I LOVE Banshee. It's got something. Unfortunately it also lacked something. Namely, a well thought out plot.
Doh! Who needs a plot when you have NANOWRIMO to win? Well, as it turns out, I do.
So, like so many other works, Banshee trailed away at the two thirds point, in a mess and a muddle of too many characters and no direction.
This is odd, as in my working life I'm all about the road-map. I irritate my colleagues by using the phrase "direction of travel" more often than a politician can use the phrase "shovel-ready". My mantra is always, if you don't know where you're going, how do you know you're walking in the right direction?
So. Plotting. And Banshee
Having had a post-NaNoWriMo writing hiatus which turned into a writing drought, I'm trying to feel my way back into Banshee. Weirdly, the thing that has got me back into it hasn't been writing - or reading- but my clumsy first efforts at digital art. I'm finding the characters from Banshee want to be drawn. First Tara (the eponymous banshee) and then the Unseelie King. I am starting to SEE them.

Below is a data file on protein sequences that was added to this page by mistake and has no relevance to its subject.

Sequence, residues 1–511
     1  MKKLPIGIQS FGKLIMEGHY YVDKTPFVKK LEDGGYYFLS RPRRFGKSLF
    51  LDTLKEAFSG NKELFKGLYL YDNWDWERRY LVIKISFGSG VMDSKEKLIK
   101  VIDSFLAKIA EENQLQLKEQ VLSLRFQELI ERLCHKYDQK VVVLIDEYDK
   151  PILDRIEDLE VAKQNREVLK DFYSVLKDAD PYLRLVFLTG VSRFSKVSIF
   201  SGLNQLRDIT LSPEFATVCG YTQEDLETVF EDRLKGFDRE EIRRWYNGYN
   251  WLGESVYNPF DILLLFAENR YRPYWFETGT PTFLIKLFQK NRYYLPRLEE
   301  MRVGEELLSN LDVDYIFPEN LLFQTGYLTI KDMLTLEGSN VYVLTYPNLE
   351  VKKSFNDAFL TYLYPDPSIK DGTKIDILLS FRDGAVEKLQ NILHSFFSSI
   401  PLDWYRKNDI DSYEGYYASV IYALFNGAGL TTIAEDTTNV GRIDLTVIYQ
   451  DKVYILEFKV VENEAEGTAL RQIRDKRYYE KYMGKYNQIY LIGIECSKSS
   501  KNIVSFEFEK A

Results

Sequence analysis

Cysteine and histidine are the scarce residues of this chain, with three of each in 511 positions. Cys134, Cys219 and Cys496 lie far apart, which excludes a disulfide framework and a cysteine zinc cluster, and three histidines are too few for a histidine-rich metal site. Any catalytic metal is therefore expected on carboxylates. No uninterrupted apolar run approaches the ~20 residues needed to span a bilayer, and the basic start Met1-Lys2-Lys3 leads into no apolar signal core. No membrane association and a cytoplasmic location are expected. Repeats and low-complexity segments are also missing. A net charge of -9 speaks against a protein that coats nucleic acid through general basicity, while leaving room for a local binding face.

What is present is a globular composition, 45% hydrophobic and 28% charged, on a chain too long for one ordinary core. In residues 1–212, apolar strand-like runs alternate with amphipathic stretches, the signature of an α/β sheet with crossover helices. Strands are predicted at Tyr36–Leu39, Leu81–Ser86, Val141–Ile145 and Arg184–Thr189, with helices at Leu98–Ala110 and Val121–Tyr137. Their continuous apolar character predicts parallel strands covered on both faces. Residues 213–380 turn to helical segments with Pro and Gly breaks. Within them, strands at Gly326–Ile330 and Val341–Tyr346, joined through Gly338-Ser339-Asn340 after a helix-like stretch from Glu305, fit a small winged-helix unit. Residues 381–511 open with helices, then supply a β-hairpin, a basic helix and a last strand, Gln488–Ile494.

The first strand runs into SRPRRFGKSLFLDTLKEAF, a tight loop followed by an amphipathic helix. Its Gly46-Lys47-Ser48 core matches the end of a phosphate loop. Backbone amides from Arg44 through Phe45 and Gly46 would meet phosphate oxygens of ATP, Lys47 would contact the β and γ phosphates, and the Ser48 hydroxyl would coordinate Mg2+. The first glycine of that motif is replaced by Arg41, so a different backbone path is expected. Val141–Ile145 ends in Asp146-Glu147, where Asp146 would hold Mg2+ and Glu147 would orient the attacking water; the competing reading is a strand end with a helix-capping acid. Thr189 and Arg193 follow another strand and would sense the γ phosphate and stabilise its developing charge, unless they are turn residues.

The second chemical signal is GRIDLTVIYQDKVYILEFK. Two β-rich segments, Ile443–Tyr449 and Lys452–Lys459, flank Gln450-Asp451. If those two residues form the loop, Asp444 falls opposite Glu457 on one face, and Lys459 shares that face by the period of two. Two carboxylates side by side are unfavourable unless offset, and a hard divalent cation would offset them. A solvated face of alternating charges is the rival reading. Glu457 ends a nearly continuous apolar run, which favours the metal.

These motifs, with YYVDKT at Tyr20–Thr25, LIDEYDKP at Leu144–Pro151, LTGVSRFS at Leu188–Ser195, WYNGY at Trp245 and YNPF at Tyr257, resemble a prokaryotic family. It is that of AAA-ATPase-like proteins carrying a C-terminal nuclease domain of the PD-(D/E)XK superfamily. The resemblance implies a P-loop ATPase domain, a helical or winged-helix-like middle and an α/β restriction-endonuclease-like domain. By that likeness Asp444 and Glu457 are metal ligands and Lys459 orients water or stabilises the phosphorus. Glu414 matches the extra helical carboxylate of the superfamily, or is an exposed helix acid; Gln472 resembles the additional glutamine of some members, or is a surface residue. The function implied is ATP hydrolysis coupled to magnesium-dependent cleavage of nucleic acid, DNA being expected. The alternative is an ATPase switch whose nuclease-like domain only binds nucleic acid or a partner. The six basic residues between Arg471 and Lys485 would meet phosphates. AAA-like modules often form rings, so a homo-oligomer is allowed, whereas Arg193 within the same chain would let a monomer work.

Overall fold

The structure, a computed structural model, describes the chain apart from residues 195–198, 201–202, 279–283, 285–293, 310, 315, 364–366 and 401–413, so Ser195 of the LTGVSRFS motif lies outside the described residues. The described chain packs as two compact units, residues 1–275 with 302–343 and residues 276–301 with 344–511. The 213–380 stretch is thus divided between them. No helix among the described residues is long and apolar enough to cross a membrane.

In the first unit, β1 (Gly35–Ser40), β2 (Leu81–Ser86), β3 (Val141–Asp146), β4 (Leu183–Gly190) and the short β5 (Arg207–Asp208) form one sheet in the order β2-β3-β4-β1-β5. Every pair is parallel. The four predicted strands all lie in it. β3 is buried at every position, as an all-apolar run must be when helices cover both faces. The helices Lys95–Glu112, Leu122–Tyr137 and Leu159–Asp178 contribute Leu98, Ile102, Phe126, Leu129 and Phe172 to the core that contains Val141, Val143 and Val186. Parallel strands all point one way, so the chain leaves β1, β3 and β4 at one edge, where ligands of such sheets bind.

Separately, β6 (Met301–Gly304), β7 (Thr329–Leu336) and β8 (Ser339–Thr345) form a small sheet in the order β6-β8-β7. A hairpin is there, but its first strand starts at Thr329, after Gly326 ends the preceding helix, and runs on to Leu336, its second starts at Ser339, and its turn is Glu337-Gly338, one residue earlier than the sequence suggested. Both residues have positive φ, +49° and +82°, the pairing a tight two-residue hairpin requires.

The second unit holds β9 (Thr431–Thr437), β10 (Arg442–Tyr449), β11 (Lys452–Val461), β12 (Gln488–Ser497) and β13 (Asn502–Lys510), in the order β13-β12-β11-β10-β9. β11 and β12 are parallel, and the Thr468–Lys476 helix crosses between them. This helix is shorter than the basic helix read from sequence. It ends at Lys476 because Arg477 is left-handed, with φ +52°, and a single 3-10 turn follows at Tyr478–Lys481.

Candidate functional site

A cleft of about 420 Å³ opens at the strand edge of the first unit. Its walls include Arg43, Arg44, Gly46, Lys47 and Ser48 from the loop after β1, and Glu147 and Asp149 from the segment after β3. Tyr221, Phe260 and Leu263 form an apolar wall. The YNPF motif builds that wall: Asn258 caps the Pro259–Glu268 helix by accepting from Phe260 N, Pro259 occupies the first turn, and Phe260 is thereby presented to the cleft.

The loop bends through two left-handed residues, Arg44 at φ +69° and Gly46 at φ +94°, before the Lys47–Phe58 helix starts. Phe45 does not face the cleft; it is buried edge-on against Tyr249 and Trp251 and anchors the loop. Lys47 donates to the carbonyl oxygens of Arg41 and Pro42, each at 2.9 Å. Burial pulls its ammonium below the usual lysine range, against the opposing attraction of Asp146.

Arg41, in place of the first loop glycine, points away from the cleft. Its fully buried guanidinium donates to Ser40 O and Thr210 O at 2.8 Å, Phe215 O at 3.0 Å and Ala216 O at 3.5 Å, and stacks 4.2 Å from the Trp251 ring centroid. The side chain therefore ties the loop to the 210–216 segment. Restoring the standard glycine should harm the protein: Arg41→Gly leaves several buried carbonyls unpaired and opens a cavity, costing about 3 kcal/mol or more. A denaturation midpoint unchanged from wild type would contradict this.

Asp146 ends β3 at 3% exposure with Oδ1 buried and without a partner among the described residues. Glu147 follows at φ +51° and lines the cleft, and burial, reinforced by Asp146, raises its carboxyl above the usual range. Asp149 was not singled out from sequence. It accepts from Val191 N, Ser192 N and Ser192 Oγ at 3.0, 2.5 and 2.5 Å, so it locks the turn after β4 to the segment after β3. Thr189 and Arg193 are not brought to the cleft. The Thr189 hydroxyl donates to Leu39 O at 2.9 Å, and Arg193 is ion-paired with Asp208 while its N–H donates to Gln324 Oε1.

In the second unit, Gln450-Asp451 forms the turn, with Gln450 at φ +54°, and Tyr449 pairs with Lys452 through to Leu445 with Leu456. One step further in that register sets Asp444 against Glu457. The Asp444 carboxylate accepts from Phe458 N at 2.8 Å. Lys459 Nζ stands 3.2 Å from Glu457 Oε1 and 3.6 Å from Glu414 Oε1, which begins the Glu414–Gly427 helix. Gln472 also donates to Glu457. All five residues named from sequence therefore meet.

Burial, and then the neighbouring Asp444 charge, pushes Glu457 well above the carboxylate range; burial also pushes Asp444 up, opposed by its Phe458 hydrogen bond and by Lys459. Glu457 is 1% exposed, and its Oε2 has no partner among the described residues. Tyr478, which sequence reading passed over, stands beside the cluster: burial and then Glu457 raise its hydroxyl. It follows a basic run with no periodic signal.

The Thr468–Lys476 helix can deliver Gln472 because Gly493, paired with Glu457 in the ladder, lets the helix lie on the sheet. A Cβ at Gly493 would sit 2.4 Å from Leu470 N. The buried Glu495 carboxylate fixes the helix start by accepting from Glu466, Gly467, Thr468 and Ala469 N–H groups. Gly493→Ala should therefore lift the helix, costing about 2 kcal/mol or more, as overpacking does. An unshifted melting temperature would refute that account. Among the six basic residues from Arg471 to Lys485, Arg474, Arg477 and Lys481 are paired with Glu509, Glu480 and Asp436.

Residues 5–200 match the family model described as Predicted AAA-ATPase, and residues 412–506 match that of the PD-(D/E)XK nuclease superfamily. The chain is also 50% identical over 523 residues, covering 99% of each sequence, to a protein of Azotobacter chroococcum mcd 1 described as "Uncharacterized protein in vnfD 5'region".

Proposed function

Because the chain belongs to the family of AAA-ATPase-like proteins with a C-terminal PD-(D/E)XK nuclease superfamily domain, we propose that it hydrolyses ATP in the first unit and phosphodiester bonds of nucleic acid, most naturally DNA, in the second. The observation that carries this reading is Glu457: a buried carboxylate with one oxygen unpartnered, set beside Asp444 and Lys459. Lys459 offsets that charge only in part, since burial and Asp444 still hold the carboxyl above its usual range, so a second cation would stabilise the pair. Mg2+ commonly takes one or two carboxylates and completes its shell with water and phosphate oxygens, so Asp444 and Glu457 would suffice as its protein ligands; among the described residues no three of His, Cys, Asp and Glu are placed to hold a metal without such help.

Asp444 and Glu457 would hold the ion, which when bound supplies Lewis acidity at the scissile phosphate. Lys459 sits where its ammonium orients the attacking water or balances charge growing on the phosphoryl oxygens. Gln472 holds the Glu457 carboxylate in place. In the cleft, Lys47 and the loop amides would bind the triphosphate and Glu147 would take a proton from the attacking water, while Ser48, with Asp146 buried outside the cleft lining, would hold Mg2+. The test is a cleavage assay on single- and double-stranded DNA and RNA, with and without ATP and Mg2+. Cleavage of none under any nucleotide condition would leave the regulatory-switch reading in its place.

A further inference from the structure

As I draw, I have to think about all sorts of tiny details. What are their knuckles like? Their musculature? Do they stand up tall or slouch? Are they powerful or delicate?
Because I'm creating them they're jumping vivid and loud from the page - one hundred times more effective than a collection of actors on pinterest.
The pictures don't match up to my minds eye even a little. They're like a six years old's picture of her daddy. But they're placeholders, markers for the characters that are starting to form - or reform. I know when I've taken a misstep. See my man above - the Unseelie King. I drew him with long Celtic-style hair, but that's not right. He doesn't look like the rest of the Fae. His hair is cropped. It marks him out as a rebel.
Little things, but focusing on the external helps me to understand what's going on inside them.
This is character-driven plotting for the visually minded. Try it - you never know who you might create.